VW’s Tiguan is a smooth operator
THE Volkswagen Tiguan has established itself as one of the top contenders in the medium SUV market, although it now faces an increasing number of very good cheaper competitors.
Almost every car manufacturer has now jumped on the SUV band wagon – including Jaguar and even Bentley – because they realised that these were the cars people wanted to buy more than any other.
The Tiguan was replaced last year, so the model I’ll concentrate on is the one before that, which with updates, was produced from 2008 to 2016.
I really like this SUV because it does everything reasonably and most things very well.
Since 2011, there have been 1.4 and 2.0-litre petrol engines, with power ranging from 140bhp to 200+bhp.
The single diesel option is the venerable but very well updated 2.0-litre TDI used across the VW group, with power from 140bhp to 180bhp.
Some have criticised the 1.4 turbo petrol as lacking performance, but I don’t know which car they drove.
All those I have driven have been excellent performers of their type and the engine is as smooth and quiet as anyone could wish until it’s pressed – and even then it still sounds sweet.
Petrols are a good deal cheaper than diesels and, although they are not as economical, many families would be better off buying them since they would pay a smaller total over three or four years.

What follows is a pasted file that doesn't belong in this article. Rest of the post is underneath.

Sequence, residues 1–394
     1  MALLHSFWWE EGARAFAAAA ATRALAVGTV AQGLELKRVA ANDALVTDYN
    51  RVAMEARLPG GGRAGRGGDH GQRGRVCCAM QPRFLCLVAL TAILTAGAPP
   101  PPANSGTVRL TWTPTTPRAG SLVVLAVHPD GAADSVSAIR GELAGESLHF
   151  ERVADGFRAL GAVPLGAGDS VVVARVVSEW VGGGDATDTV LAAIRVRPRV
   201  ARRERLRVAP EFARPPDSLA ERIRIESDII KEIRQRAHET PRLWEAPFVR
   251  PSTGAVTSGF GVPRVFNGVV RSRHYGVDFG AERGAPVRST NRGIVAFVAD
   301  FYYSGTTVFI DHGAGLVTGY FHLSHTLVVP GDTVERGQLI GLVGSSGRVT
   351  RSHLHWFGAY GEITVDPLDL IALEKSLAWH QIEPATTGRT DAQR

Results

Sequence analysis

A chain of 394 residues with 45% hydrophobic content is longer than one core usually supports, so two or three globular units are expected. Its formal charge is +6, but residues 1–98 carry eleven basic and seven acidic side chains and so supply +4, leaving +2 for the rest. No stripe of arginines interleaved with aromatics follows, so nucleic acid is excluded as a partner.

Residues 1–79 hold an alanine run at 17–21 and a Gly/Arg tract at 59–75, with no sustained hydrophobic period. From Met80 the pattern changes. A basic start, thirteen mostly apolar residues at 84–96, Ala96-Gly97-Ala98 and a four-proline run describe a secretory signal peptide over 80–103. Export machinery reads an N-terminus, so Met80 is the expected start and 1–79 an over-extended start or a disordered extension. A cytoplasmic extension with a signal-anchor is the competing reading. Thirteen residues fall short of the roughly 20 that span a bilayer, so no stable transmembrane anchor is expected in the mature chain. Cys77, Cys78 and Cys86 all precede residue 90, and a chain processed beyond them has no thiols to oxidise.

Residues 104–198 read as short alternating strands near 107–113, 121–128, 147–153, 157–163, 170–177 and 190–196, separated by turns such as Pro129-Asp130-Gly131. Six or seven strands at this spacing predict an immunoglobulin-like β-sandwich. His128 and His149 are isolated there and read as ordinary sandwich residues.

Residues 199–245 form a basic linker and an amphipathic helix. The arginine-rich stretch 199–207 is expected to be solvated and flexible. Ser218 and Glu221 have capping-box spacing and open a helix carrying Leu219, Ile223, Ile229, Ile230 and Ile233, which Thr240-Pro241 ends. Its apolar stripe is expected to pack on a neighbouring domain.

This is something that’s true of many other cars as well. I have no irrational dislike of diesels like our present government, I simply want people to get the best deal they can.
The 1.4 Tiguan is listed with an average of 42mpg in two-wheel drive (2WD) form, while the diesel will do 50-plus.
Four-wheel-drive models are thirstier and more expensive, so don’t bother unless you regularly need the extra traction.
All are comfortable and refined, reasonably quick and, as you would expect from VW, they are well-built and solid, with a strong reputation for reliability.
That said, there have been some worrying reports recently about the fragility of the otherwise excellent DSG automatic gearbox, with repairs costing around £3,000.
The petrol 2.0-litre models with around 200bhp are very quick, but you pay a lot more at the pumps and in insurance.
All the later Tiguans have either a six-speed manual gearbox or the DSG automatic and all are very easy to drive both in town and out on the open road.
The ride is very good over all surfaces and the handling is also right up with the best in class, with the excellent VW power steering helping tremendously.
Inside all is high quality and well put together. The seats are well-shaped, if a little hard in the German tradition and the driving position is good for all sizes with excellent seat and column adjustment. There is plenty of interior space and a very big boot.
Equipment in the base S trim includes air con, traction control, alarm, remote locking, four electric windows, heated electric mirrors and loads of airbags.
The mid-range Tiguan Match adds parking sensors, climate control and audio remote control on the steering wheel.
Pay about £12,800 for a ’15 15-reg 1.4TSi Bluemotion Tech, or £9,200 for an ’11 11-reg TDI S.